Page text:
Then came what I coin, the Wonder Year. So many have pointed to this draft as one of the best ever for the Jays, and who can blame them when so many have made it to The Show or are very close to it. The Jays really did their homework that year and came out big winners. This was only possible after Alex Anthopoulos signed and let go Marco Scutaro (Sanchez), Rod Barajas (Wojciechowski), and had a compensation pick for failing to sign James Paxton (Syndergaard). Let’s see the list – so far:
- Aaron Sanchez (1s rd, 34th overall) TOR
- Noah Syndergaard (1s rd, 38th overall) NYM
- Justin Nicolino (2nd rd, 80th overall) MIA
- Sam Dyson (4th rd, 126th overall) MIA
- Sean Nolin (6th rd, 186th overall) OAK
- Dalton Pompey (16th rd, 486th overall) TOR
- Kris Bryant (unsigned) (18th rd, 546th overall) CHC
To come out of one draft with that much MLB worthy talent is outstanding. We all know the Kris Bryant story and how the Jays didn’t sign him – boy would they love to turn back the clock for that decision, but he’s not the only loss from that list. The Jays eventually traded away some serious talent, and although the Jays successfully drafted 7 MLB worthy talents, only 2 remain with the club.
Some people do question how good the draft would have been for the Jays if they didn’t have 7 picks before the end of the second round. The compensation picks definitely boosted the haul for the Jays, so was this an extremely well scouted and drafted list of players for the Jays, or was it mostly a result of having so many early picks due to compensation rules? What puts this theory to rest is who the Jays nabbed in the later rounds, players such as Dalton Pompey and Kris Bryant, who were excellent well-scouted players. With everything accounted for, you have to hand the Jays a high grade for this draft. What did the experts think?
Pre-2011 season minors system rankings by BA:
What we wanted to see going into the 2011 draft was whether or not all of those extra picks were the only reason he Jays were able to draft so much great talent. Fans were already enjoying the fact that the Jays had signed the majority of their picks, unlike in 2009 when they missed out on James Paxton. In my opinion, the scouting department went beyond expectations during this draft year, selecting the following prominent prospects and/or MLB players:
- Tyler Beede (unsigned) (1st rd, 21st overall) SF
- Daniel Norris (2nd rd, 74th overall) TOR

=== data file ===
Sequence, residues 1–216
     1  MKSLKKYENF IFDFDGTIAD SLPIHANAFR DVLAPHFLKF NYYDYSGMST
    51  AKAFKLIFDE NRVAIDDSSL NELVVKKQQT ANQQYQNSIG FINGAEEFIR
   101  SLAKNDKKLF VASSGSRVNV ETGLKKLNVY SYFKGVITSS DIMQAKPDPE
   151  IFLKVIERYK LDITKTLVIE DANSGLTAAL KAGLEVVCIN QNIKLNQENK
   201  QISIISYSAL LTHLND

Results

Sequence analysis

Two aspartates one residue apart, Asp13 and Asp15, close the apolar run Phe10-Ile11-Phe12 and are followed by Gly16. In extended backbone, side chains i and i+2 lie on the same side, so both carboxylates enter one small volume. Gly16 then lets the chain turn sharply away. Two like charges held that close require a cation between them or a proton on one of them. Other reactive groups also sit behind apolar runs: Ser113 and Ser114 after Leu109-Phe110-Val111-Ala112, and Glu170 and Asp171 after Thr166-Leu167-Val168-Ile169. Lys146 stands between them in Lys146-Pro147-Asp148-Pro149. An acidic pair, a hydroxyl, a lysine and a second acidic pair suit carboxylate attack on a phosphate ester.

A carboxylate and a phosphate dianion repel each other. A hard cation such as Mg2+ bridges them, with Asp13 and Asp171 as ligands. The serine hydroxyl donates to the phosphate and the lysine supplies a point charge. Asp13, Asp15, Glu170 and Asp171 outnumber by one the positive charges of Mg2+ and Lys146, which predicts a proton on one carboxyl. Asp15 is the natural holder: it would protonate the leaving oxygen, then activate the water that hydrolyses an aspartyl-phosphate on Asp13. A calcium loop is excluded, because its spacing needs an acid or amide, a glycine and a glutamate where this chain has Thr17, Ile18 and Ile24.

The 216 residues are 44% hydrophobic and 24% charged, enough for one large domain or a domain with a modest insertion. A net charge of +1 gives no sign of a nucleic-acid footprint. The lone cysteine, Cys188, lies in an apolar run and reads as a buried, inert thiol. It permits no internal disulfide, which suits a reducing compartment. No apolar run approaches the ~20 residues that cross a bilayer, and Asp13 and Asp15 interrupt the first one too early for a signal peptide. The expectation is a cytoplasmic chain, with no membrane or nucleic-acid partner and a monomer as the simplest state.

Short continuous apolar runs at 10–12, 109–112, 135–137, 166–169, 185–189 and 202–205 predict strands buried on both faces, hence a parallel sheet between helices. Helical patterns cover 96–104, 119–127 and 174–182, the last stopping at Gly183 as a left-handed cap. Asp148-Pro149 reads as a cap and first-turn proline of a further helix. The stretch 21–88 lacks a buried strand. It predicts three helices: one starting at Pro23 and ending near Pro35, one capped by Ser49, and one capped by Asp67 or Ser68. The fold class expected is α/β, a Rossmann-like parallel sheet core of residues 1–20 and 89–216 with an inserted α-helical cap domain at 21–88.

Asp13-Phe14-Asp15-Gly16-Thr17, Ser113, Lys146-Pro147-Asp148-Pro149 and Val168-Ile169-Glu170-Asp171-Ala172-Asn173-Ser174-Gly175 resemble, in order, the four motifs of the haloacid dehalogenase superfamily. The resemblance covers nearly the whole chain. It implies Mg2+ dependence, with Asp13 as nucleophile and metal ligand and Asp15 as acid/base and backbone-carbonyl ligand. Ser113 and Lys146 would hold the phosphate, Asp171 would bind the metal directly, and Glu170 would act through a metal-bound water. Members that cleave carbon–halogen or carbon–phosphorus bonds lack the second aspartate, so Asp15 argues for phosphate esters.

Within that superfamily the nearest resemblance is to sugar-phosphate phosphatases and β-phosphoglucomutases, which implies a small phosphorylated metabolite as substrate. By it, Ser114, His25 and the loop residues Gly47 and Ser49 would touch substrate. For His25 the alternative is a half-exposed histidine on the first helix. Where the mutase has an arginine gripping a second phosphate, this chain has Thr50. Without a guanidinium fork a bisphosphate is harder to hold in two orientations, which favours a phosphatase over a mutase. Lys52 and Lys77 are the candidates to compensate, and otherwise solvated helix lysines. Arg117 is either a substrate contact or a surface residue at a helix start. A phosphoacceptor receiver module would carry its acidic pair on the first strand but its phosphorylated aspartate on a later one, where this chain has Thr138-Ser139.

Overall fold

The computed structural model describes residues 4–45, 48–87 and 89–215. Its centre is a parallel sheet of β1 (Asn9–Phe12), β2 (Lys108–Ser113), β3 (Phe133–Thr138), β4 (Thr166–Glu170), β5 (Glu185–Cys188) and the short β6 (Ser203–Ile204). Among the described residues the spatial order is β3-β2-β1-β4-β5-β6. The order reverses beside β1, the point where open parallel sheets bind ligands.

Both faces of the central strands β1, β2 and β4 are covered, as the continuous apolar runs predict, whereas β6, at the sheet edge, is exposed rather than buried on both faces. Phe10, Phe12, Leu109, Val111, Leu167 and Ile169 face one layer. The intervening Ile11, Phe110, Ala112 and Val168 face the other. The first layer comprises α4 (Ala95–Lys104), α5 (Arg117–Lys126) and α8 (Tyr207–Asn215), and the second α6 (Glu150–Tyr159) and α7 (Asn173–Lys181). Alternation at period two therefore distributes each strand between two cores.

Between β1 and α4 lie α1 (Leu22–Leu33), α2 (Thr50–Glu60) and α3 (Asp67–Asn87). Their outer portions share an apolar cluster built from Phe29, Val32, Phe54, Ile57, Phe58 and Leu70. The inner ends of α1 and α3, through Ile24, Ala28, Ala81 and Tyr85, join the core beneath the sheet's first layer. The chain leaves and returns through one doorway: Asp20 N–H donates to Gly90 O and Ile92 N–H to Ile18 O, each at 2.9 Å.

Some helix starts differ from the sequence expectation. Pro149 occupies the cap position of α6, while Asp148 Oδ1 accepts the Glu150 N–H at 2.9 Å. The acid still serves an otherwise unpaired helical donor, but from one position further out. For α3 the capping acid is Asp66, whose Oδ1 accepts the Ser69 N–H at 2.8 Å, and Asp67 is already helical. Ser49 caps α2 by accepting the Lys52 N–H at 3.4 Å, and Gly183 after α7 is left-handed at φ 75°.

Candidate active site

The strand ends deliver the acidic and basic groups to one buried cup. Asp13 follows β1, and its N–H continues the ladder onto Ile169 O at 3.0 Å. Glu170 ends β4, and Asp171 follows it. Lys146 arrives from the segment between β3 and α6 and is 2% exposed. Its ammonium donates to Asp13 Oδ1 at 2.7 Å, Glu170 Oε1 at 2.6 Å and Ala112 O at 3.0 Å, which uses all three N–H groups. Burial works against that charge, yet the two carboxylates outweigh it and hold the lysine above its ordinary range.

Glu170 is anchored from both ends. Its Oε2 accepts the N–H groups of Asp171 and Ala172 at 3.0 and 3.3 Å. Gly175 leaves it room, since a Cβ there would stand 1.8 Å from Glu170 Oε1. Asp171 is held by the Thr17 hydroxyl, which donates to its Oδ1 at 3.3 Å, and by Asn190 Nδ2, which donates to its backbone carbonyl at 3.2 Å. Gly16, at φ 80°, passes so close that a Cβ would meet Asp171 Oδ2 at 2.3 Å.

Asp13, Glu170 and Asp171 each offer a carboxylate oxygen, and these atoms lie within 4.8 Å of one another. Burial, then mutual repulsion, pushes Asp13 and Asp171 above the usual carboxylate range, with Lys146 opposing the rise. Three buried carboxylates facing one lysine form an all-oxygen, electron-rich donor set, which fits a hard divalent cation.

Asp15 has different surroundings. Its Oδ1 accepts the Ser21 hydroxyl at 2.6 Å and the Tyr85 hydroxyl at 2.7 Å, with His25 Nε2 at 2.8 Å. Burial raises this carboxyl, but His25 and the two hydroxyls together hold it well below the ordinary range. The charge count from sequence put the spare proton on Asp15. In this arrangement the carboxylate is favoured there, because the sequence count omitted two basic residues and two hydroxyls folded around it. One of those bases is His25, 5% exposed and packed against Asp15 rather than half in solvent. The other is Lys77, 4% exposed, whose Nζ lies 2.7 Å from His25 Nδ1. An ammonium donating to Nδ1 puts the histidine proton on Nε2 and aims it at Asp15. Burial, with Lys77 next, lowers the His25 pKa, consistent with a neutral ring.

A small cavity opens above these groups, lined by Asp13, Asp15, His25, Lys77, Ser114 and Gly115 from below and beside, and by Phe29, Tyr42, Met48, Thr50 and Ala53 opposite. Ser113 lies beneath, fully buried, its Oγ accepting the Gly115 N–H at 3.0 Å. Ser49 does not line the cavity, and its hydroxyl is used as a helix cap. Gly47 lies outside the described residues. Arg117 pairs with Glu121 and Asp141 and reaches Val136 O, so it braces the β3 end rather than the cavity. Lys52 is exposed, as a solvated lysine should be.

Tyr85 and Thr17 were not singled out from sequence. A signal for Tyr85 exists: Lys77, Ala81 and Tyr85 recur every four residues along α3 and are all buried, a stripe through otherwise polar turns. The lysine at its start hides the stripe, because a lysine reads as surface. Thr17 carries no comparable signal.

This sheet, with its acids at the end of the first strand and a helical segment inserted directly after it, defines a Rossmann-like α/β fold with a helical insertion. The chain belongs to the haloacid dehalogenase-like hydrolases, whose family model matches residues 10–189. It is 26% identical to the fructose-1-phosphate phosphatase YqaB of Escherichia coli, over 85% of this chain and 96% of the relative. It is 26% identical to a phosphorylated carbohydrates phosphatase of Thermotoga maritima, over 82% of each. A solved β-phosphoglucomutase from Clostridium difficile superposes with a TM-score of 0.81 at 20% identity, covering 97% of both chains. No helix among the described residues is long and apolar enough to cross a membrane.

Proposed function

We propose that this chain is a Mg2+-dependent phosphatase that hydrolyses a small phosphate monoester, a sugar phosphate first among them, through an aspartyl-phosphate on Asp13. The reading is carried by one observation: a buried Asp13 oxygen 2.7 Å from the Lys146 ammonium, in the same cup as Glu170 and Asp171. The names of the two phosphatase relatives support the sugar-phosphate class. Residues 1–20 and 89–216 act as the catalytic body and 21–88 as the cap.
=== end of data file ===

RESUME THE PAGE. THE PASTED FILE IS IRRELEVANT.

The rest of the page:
- Anthony DeSclafani (6th rd, 199th overall) CIN
- Luke Weaver (unsigned) (19th rd, 589th overall) STL
- Aaron Nola (unsigned) (22nd rd, 679th overall) PHI
- Kevin Pillar (32nd rd, 979th overall) TOR
Within this draft, the Jays had much fewer compensation picks (5) and the four 1s compensation picks have not made much of a move since being drafted. Some, particularly Dwight Smith Jr still have promise and a chance to make it, but the climb is steep. What was more impressive about this draft was the number of late round impact picks and the obviously great selection of Daniel Norris in the 2nd rd.
Anthopoulos had invested in a bigger, better scouting department and after only two drafts, the Jays had identified a whopping 13 MLB worthy talents! Yet, the Jays wound up trading 4 of the MLB talents identified in the 2010-2011 drafts, allowing one to leave through waivers (Sam Dyson), and did not sign 4 of them, leaving them with 4 of a possible 13 in the system. Could this eventually be an issue for those working so hard in the scouting departments? After all, what the scouts saw was a first rounder left unsigned and later on many other great talents allowed to walk. Could you feel their pain?
Their draft was still an excellent one, minus the unsigned player. You can only knock the unsigned pick so much anyhow, since the Jays knew it would lead to another high pick in 2012 and that pick wound up being yet another great Jays pick, Marcus Stroman. The Jays also signed international players, such as Roberto Osuna, Jesus Tinoco, Jesus Gonzalez, Dawel Lugo, and Jairo Labourt. A great haul considering the future Osuna has with the team and the potential of Lugo and Labourt. The international scouting department had done a great job thus far under Alex Anthopoulos.